Previous studies have also found that discernible non-patient factors contribute to measurable variation in COVID-19 outcomes. Increased COVID-19 case rates [3, 28, 29], ICU strain [5, 12], and limited hospital resource availability, including number of hospital beds and staff , have been linked to increased case fatality, though these studies examine outcomes solely during the initial stages of the pandemic. Nonetheless, these phenomena are known to continue to impact COVID-19 outcomes across in at-risk regions and communities. Fortunately, although surges in COVID-19 patient volume required the transformation of previously non-critical care environments into advanced care locations within our health system, we were ultimately able to house and medically accommodate all patients requiring advanced care including intubation, mechanical ventilation, and mechanical circulatory support. These advanced care needs were met through redirecting staffing support from non-critical care to critical care settings. Beyond facility-level factors, lack of statistically significant differences in case fatality between pre- and post-surge periods suggest that the increase in case fatality was not related to secular trends in COVID-19 outcomes during the study period, such as improvements in the standard of care and the circulation of regional COVID-19 variants linked to increased mortality [9, 10]. In fact, while not statistically significant, we observed a trend towards slightly higher mortality during the post-surge compared to pre-surge period. This finding could have been related to a bias towards more severely ill patients presenting for medical encounters over time, or a residual excess in hospitalized patients; further studies using more detailed data are needed to clarify the factors contributing to variations in post-surge recovery periods.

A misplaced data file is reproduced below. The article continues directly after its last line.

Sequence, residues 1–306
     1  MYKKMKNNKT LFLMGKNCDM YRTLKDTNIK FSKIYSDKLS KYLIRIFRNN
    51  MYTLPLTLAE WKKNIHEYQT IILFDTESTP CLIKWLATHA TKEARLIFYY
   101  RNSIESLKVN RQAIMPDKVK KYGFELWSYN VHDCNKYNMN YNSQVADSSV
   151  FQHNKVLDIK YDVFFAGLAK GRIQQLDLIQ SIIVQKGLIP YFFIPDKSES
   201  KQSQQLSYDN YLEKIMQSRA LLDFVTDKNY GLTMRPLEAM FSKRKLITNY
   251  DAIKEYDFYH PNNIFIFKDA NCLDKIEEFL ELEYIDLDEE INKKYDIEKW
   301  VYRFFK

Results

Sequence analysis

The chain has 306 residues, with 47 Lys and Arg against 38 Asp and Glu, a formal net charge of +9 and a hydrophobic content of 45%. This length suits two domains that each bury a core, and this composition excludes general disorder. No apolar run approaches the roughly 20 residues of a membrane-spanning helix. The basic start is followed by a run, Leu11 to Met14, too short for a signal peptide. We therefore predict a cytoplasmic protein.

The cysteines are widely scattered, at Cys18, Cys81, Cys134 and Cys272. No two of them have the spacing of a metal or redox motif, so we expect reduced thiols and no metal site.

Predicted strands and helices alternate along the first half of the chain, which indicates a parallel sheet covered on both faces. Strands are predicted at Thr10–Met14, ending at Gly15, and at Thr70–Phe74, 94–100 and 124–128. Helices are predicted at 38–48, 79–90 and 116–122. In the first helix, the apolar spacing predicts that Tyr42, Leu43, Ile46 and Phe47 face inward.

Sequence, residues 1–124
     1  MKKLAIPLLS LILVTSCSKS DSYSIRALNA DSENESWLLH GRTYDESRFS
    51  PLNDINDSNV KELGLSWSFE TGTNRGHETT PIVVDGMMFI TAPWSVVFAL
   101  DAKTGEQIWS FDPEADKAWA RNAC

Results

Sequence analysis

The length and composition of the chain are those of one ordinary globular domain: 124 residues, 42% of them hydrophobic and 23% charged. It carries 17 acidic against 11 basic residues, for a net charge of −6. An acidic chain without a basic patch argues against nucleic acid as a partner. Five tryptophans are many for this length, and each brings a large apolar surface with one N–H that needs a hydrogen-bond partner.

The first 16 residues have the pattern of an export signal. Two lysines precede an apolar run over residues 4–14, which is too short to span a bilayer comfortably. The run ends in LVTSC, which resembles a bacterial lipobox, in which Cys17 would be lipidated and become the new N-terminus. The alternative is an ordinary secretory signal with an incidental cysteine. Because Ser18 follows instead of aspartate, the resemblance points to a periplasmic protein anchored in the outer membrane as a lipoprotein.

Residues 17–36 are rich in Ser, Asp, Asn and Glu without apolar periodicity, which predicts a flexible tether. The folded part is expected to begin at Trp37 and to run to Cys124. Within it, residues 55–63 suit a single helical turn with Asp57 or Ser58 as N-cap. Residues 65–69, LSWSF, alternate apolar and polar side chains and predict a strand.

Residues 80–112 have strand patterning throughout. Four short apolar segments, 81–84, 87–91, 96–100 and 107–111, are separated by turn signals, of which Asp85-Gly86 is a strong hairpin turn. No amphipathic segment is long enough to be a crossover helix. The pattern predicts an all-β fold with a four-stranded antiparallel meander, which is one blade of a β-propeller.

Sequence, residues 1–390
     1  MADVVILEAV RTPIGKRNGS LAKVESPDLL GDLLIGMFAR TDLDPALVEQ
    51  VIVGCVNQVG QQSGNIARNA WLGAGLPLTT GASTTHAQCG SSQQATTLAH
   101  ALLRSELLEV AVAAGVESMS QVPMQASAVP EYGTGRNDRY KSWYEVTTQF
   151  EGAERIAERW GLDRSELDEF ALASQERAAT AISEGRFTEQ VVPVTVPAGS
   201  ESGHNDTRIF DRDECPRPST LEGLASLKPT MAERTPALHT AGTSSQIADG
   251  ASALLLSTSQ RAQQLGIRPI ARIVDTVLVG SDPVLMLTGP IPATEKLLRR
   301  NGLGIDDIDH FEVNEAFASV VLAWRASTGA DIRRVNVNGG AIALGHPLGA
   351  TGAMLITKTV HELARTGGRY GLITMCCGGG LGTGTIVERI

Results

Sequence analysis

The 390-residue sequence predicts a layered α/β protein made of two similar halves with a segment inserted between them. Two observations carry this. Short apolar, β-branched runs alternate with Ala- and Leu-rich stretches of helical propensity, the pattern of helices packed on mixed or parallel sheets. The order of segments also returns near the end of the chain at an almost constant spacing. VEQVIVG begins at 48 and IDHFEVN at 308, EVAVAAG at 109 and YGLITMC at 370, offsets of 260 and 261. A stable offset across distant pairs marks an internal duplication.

Several limitations of this study merit consideration. Our data were derived from a single healthcare system, and thus our findings may not be generalizable to other populations, especially those outside the United States. However, our patient cohort was found to be diverse, both demographically as well as clinically, and our institution is a high-volume center serving a large and diverse urban population. Reliance on EHR data to identify deaths may result in misclassification, particularly by undercounting deaths occurring outside of the hospital, though we would expect this to attenuate rather than confound our results. We were unable to systematically capture data on timing of illness onset, which precluding assessment of symptom duration prior to presentation to medical care. We recognize that all the factors driving as well as correlated with delayed patient presentations (i.e. delays in patients seeking or receiving medical attention), especially during COVID-19 surge periods, are critically important to identify and yet not easily measured in the real-world community setting. Detailed data on temporal trends in hospital occupancy, medical care staffing (e.g. nurse-to-patient ratios), and medical care supplies and other resources were not available for the current analysis and will be important for future investigations of excess mortality during surge periods. Finally, we were unable to control for COVID-19 vaccination status as vaccines were not available for the majority of the cohort until the post-surge period, and vaccine uptake in the post-surge period may have lowered risk for severe outcomes. However, given that all patients in our cohort were COVID-positive and that reported breakthrough infection rates are relatively low , it is unlikely that enough patients in the post-surge period were vaccinated to have biased our results.